Growing up, having an Advent calendar was a fun part of my family’s holiday celebrations. Opening up a little cardboard door or window each morning from December 1st added a nice sense of anticipation and a handy visual countdown to how many days were left until Christmas. Later, my own children invariably squabbled over who got to open the last door on Christmas Eve, and resented that I would only buy old-school versions with seasonal pictures rather than chocolate treats. Advent calendars have become increasingly popular in recent years — and not just for kids. There are adult and pet varieties, ones with beauty products, toys, food and more. This year I’m making my own, mining Library collections for resources. This can be a great family project for those who celebrate; this post will share tips and ideas to adapt.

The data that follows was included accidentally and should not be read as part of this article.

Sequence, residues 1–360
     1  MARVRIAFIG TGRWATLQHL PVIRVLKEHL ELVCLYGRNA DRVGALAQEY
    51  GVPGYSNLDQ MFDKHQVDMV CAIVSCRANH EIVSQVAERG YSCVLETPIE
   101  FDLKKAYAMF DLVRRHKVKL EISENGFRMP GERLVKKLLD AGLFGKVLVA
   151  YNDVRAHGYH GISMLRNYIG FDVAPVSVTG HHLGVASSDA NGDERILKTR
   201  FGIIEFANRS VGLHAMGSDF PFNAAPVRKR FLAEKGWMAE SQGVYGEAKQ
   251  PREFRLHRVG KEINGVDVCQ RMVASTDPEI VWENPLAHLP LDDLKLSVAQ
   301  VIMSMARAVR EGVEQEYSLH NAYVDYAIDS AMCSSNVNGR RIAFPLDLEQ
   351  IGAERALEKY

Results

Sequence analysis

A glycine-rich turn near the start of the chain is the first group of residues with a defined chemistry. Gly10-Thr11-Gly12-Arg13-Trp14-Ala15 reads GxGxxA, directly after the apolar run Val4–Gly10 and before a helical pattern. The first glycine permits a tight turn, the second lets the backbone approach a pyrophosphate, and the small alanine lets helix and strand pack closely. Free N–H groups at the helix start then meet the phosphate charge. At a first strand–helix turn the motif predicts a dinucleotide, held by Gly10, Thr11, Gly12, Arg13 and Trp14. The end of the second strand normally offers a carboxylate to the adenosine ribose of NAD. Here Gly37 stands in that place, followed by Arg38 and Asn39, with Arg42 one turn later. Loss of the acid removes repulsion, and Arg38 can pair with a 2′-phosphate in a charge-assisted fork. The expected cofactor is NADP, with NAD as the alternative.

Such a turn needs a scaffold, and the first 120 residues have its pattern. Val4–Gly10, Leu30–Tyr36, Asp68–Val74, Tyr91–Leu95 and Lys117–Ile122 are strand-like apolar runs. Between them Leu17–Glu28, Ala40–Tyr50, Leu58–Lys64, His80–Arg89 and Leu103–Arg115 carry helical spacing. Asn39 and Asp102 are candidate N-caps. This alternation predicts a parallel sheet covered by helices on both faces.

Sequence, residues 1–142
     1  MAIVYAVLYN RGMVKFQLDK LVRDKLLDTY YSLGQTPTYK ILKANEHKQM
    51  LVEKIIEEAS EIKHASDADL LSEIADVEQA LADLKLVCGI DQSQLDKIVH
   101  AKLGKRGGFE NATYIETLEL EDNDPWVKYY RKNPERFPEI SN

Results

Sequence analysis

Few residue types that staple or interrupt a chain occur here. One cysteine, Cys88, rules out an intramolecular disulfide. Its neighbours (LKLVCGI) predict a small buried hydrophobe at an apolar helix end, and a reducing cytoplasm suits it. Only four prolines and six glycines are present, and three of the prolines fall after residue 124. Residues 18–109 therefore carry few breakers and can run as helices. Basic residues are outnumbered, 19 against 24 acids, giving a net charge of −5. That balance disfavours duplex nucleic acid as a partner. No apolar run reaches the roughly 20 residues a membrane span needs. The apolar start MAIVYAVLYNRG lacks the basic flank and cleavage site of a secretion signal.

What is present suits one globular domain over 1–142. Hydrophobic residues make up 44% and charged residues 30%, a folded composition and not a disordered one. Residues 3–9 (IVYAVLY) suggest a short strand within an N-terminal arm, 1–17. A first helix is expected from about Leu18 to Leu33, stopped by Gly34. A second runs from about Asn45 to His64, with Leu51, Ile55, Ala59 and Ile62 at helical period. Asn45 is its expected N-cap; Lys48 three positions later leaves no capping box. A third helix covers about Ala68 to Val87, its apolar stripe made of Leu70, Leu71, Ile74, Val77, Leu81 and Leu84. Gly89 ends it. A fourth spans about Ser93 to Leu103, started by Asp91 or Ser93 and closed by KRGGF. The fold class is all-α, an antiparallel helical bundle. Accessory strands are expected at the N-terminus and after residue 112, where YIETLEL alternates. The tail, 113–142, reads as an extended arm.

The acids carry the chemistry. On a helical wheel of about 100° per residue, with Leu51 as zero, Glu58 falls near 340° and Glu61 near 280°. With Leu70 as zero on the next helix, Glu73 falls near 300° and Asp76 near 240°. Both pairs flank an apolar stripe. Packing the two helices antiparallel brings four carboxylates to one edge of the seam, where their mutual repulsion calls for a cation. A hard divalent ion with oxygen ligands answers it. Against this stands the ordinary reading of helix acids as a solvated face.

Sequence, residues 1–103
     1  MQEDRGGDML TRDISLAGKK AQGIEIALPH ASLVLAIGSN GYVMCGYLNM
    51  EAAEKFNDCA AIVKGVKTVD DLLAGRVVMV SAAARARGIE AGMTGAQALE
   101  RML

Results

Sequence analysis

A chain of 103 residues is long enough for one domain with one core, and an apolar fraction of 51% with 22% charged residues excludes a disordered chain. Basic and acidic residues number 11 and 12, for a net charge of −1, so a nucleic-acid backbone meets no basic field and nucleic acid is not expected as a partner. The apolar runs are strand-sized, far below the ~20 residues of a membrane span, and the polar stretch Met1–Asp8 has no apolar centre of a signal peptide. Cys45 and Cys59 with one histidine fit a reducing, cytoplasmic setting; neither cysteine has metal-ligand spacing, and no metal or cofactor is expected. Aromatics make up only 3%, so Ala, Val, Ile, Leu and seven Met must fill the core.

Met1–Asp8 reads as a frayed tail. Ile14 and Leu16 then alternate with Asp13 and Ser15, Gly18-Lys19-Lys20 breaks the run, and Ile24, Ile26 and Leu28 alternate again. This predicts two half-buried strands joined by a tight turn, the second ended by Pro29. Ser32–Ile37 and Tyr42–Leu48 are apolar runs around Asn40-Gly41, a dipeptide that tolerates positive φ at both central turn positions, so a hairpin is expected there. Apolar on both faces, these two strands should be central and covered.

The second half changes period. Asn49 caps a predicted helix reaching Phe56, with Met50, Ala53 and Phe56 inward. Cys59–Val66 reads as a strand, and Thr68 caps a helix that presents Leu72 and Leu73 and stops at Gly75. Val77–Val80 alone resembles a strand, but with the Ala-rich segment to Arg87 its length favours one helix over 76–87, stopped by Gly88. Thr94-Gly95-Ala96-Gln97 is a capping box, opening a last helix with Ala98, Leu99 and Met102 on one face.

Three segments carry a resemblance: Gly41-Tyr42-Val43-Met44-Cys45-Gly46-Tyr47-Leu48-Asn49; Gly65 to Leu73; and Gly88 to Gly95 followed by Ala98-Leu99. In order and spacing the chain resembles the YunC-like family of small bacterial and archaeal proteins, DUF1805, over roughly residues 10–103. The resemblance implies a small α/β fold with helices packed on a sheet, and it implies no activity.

Creating a calendar made me wonder about the history of Advent. There’s debate as to when and how it actually began, with claims for both the 5th and 6th centuries AD. In Christian tradition, Advent marks the coming celebration of the birth of Jesus. German customs have heavily influenced how many people observe the Advent period today. Evergreen Advent wreaths were an early way to celebrate the season, and by the 19th century, German wreaths featured a candle for each of the four Sundays before Christmas. Advent calendars soon followed, marking the days from December 1st to Christmas Eve. By the early 1900s lucky German children had many to choose from. In part, this was a result of German improvements and superiority in chromolithography, a multi-color printing process that advanced quickly in the 19th century. These new technological improvements made it possible to mass-produce brightly colored printed images much more cheaply than the previous hand-colored versions. One result was a wealth of commercial card and paper products specifically for children — including Advent calendars.